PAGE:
Have you, O reader, missed any memos from God?  Is your piety misdirected, despite your best intentions?  Consequences matter more than intentions.

KENNETH RANDOLPH TAYLOR

JUNE 22, 2022 COMMON ERA

THE FEAST OF SAINT ALBAN, FIRST BRITISH MARTYR, CIRCA 209 OR 305 

THE FEAST OF DESIDERIUS ERASMUS, DUTCH ROMAN CATHOLIC PRIEST, BIBLICAL AND CLASSICAL SCHOLAR, AND CONTROVERSIALIST; SAINT JOHN FISHER, ENGLISH ROMAN CATHOLIC CLASSICAL SCHOLAR, BISHOP OF ROCHESTER, CARDINAL, AND MARTYR, 1535; AND SAINT THOMAS MORE, ENGLISH ROMAN CATHOLIC CLASSICAL SCHOLAR, JURIST, THEOLOGIAN, CONTROVERSIALIST, AND MARTYR, 1535

THE FEAST OF GERHARD GIESCHEN, U.S. LUTHERAN MINISTER AND HYMN TRANSLATOR

THE FEAST OF JAMES ARTHUR MACKINNON, CANADIAN ROMAN CATHOLIC PRIEST AND MARTYR IN THE DOMINICAN REPUBLIC, 1965

THE FEAST OF SAINT NICETAS OF REMESIANA, ROMAN CATHOLIC BISHOP OR REMESIANA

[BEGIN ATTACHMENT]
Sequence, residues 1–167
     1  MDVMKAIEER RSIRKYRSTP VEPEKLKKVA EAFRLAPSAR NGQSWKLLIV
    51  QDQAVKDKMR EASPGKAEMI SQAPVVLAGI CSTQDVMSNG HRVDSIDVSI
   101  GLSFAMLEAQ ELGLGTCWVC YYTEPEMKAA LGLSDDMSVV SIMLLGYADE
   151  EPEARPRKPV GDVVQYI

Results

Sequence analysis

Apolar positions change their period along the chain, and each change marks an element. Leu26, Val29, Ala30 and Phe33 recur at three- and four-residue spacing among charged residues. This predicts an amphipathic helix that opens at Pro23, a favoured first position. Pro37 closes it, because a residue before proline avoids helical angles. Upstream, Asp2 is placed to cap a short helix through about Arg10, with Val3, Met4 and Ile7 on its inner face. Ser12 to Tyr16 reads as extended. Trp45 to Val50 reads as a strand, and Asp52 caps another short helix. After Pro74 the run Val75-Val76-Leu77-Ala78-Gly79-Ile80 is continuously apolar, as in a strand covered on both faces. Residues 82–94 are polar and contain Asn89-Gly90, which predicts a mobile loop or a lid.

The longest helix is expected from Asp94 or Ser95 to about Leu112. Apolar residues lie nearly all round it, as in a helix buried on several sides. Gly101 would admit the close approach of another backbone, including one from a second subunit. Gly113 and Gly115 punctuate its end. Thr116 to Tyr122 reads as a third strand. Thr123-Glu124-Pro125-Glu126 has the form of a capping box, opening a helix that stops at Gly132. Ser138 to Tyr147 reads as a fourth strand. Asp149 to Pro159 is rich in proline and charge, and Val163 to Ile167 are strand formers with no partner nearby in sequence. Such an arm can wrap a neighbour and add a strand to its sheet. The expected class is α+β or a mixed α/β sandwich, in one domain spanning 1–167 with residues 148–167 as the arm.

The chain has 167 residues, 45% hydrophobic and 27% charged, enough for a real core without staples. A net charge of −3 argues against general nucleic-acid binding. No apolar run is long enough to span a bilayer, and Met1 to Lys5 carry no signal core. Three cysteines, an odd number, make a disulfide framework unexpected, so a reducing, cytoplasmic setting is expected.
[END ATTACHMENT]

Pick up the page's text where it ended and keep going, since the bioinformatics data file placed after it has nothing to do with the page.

THE FEAST OF SAINT PAULINUS OF NOLA, ROMAN CATHOLIC BISHOP OF NOLA

+++++++++++++++++++++++++++++++++++++++++++++++++++++++++++++

Link to the corresponding post at BLOGA THEOLOGICA

+++++++++++++++++++++++++++++++++++++++++++++++++++++++++++++

Devotion for Proper 17, Year B (Humes)   2 comments

Above:  Jesus and the Woman of Canaan, by Michael Angelo Immenraet

Image in the Public Domain

The Scandal of Grace

AUGUST 30, 2020

++++++++++++++++++++++++++++++++++++++++++++++++++++

Blessed Lord, who caused all holy Scriptures to be written for our learning:

Grant us so to hear them, read, mark, learn, and inwardly digest them,

that we may embrace and ever hold fast the blessed hope of life,

which you have given us in our Savior Jesus Christ,  who lives and reigns

with you and the Holy Spirit, one God, for ever and ever.  Amen.

The Book of Common Prayer (1979), page 236

++++++++++++++++++++++++++++++++++++++++++++++++++++

Exodus 19:2-8 or 1 Kings 8:1-21

Psalm 56

2 Corinthians 13:5-14

Mark 7:24-37

++++++++++++++++++++++++++++++++++++++++++++++++++++

God exceeds our wildest imaginations.  Yet God pities us, heals us, calls us become more than we are, and empowers us to accomplish that purpose.  God calls us to be a people of priests.  God equips us to shine the divine light into the world of the nonevangelized and the apostate, and to disciple the converted.